My recent travels around the Front Range have led me to revisiting a term my old boss coined: Gak.

For a brief spell about a decade ago I worked for a delivery and moving company. It was a physically exhausting job, but from a spacial reasoning standpoint it was fascinating. Plus the fact that my boss usually had a pretty good sense of humor and would make up words that he would use with the crew somehow made the hard work a bit more fun.

For example, “Derek and Adam, you guys go get the mattrii [mattresses], we’ll load those first.”

I learned so much from my boss at that job about how to prepare people’s stuff for moving. From the proper way to wrap sharp kitchen knives so no one gets cut, to the best way to wrap furniture with drawers with a special plastic wrap to keep them secure, to how to fit all of that stuff in a seemingly too small space. He was truly the master of spacial reasoning magic.

The crew and I often stood in awe at the end of the loading job, not quite sure how we did it. Somehow we had fit a household’s whole life in our 26 foot trailer when the master raised his magic packing wand.

One term we used a lot on the job was “gak”. How much gak a household had when we arrived was often directly proportional to how long it took us to load everything up.

What is gak?

Simply, gak is all the loose stuff that isn’t in a box or somehow otherwise contained.

One area this would come up a lot was the garage, think loose tools (especially the long-handled ones), hoses, rope, and the tons of other miscellaneous stuff most people have in their garages. Sometimes gak could be clothes that would end up piled on top of the couch in a specific way in the moving truck. Other common gak items are lamps and space heaters.

Basically gak is all that little stuff that either you don’t seem to have the right sized box for or doesn’t really fit in a box without taking up precious more space in your moving truck than is necessary. It’s also any and all of the stuff you either forgot to pack or waited till the last minute and now don’t have a box to put it in when your movers arrive.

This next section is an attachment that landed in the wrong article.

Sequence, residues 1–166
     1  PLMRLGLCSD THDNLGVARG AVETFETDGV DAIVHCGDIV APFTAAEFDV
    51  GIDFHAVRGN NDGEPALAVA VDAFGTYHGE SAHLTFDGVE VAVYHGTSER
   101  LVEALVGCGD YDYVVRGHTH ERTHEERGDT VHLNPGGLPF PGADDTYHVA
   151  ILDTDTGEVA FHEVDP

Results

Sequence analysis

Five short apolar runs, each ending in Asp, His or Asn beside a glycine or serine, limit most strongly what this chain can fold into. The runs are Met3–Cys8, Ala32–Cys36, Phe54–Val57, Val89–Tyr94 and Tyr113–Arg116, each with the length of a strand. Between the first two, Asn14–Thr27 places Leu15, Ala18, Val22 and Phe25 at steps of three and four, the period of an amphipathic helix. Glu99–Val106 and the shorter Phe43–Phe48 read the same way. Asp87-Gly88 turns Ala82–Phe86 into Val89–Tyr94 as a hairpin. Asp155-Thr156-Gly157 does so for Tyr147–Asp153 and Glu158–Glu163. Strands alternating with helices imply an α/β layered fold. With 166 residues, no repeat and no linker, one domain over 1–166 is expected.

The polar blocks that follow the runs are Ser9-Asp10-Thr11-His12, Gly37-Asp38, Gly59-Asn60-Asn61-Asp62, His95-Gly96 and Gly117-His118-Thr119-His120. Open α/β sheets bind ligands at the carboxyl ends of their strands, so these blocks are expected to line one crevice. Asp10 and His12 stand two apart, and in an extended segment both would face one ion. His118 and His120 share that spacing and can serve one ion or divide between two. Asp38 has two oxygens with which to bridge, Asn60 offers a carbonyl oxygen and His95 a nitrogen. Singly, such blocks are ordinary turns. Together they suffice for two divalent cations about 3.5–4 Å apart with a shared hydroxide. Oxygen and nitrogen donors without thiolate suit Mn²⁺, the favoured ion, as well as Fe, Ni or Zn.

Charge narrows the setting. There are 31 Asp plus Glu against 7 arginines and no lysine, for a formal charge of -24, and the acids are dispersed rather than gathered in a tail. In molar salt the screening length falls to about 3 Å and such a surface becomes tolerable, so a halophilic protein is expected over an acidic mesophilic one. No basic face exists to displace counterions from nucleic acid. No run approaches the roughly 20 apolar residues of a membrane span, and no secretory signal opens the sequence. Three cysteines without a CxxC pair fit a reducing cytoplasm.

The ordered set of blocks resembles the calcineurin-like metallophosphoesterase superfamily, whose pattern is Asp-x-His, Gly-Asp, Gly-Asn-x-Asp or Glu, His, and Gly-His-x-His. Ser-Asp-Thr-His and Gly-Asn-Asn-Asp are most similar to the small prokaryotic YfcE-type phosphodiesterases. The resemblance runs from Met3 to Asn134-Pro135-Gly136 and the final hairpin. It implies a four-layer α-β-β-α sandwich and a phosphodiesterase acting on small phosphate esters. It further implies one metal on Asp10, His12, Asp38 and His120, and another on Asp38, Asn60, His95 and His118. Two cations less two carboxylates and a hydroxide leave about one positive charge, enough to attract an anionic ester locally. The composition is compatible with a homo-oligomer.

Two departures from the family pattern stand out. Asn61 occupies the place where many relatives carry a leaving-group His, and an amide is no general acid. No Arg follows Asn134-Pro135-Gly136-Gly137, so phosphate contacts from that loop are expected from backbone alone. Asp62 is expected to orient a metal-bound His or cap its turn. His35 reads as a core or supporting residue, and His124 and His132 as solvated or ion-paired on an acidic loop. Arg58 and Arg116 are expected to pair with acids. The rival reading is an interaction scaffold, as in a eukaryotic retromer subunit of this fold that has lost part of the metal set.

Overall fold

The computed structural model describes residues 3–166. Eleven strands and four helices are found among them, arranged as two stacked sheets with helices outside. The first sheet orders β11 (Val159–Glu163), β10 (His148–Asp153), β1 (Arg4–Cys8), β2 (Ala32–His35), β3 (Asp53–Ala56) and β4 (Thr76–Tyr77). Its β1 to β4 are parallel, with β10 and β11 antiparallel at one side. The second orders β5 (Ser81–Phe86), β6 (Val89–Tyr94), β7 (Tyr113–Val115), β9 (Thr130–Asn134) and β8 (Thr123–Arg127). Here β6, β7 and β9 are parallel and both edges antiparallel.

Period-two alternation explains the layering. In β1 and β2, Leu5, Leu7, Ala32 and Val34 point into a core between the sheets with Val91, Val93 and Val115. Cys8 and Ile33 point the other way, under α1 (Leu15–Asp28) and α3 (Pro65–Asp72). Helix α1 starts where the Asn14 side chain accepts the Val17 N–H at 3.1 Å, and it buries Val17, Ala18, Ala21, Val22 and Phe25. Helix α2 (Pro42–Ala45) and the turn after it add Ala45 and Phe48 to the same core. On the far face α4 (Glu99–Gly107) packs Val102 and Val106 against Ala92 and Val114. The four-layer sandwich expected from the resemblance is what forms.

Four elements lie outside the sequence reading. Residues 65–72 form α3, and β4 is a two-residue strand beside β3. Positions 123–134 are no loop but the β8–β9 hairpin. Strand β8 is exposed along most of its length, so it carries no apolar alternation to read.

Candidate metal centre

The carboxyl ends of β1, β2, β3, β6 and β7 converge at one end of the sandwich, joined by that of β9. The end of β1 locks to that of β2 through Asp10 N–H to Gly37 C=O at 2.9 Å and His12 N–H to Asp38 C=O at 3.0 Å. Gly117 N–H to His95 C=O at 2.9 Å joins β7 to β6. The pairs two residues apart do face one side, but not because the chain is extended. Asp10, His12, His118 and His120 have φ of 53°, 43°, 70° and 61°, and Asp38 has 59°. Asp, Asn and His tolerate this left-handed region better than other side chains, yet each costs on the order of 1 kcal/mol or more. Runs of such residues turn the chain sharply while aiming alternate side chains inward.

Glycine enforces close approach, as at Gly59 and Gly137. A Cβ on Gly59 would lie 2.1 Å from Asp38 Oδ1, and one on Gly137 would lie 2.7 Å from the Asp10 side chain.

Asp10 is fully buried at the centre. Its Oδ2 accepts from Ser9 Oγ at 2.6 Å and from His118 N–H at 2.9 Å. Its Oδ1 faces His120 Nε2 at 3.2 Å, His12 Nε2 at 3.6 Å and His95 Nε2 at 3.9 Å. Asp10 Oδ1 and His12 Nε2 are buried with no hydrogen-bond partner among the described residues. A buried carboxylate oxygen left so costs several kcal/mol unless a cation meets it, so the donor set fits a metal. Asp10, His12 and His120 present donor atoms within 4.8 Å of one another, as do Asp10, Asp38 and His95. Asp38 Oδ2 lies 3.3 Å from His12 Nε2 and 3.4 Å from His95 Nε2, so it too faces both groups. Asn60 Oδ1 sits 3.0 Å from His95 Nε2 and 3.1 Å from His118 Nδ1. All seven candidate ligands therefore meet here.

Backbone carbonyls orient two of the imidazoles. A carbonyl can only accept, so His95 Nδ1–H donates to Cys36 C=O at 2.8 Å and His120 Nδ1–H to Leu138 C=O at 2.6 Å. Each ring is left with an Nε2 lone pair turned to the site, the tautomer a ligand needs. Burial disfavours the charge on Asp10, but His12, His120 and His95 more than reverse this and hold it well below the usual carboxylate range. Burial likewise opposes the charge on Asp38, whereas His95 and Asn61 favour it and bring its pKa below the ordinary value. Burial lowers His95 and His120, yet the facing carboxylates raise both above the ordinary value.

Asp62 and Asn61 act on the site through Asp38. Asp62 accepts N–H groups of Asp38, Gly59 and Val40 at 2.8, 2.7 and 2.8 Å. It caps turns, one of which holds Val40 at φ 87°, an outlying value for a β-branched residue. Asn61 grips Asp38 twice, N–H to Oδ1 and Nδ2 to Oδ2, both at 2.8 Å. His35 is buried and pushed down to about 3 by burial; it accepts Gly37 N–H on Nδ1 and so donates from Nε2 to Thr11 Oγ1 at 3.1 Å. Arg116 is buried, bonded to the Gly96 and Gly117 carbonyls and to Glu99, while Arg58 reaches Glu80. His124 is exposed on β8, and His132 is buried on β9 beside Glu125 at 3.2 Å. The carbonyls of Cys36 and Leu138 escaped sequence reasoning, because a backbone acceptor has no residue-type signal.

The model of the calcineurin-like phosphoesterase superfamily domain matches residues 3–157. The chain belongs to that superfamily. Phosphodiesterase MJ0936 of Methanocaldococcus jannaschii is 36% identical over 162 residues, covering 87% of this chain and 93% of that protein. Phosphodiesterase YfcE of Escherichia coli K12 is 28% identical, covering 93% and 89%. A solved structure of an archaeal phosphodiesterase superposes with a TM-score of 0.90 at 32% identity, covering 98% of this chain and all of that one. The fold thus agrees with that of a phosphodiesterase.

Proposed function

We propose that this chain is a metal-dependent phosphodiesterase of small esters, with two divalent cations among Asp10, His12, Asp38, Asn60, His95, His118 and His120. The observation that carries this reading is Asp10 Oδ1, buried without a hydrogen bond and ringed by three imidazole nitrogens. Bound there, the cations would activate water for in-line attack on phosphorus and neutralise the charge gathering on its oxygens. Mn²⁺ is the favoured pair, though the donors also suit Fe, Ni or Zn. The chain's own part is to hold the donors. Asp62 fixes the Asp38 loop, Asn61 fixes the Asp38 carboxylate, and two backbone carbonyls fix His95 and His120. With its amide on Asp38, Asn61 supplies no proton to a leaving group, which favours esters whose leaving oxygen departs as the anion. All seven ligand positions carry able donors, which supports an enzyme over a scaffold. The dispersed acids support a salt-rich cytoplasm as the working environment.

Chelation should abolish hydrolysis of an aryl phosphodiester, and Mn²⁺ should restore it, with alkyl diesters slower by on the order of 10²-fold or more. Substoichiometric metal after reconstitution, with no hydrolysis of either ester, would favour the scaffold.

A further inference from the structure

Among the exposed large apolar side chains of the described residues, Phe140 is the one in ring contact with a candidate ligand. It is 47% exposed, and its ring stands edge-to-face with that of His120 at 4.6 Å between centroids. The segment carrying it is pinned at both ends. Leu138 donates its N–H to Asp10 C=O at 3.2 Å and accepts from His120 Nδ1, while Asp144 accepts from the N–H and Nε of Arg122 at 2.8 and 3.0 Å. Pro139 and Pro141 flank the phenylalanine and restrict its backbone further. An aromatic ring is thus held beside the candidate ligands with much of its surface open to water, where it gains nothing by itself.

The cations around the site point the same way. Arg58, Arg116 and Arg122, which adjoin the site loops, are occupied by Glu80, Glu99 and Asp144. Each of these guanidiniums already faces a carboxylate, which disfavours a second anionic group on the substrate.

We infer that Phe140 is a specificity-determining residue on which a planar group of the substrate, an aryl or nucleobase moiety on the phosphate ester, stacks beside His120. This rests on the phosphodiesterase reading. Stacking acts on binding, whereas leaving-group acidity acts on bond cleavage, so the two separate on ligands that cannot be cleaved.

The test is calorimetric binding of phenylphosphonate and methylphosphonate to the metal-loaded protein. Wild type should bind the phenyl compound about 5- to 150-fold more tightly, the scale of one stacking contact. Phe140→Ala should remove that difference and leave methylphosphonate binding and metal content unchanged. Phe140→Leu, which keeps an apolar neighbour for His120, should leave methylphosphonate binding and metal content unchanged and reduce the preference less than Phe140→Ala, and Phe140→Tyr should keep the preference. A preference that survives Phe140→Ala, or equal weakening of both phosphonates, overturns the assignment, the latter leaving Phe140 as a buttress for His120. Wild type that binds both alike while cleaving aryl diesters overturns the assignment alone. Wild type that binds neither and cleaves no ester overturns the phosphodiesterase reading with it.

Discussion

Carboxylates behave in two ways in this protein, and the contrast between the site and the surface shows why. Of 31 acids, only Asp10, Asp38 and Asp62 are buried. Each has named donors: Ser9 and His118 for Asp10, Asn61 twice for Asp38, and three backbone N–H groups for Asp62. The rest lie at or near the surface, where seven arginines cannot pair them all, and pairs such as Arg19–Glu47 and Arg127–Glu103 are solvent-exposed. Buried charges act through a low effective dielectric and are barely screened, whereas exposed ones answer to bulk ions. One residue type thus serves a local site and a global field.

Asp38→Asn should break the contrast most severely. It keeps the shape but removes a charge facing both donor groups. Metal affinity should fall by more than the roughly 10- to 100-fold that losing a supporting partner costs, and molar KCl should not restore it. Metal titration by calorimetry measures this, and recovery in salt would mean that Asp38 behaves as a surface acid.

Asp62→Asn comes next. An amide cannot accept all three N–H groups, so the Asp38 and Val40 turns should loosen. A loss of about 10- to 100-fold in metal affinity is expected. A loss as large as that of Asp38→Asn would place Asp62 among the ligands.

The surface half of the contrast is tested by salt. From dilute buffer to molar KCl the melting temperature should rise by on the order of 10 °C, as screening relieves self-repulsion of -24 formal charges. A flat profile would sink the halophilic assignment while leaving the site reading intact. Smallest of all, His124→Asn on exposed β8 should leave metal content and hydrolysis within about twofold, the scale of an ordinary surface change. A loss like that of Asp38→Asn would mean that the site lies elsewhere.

In terms of packing the moving truck, gak is the stuff that goes on top or is packed around all the other stuff that is in containers.

Fitting a bunch of squares together in an efficient manner is usually a whole lot easier than fitting a bunch of randomly and possibly odd shaped stuff together.

Also, when stuff is loose your mover has to make a separate trip for each armload of gak, whereas, if this stuff were in a container that could be stacked, he could use a dolly and move as much as SIX TIMES as much stuff in one load. That can make a huge time difference, and thus difference in your moving bill!

Recently I told you about my experiences with organizing food while on the road. I’ve also been thinking, “What’s my gak?” each time I’m moving from one place to another.

Why? Efficiency.

As I mentioned before, being efficient allows me to retain my own precious energy.

More gak = less efficiency.

Less gak = more efficiency.

What does this look like for me?

What this means is that I contain my stuff as much as possible when I’m traveling. Besides my suitcase for clothes I also have plastic bin containers that I round my stuff up in when I’m preparing to move along. How many I have depends on the trip itself.

The times where I forgot this precious gak lesson I ended up making far more trips than were really necessary to pack my truck. I found myself hearing my old boss’s voice in the back of my head, “Hahahahahha, what’s your gak, Tracy, what’s your gak?!?!”

So what’s your gak? Now that you know what gak is, what have you noticed about it in your own life, whether that’s gak when it comes to moving or traveling I’d love to hear about it in the comments below!

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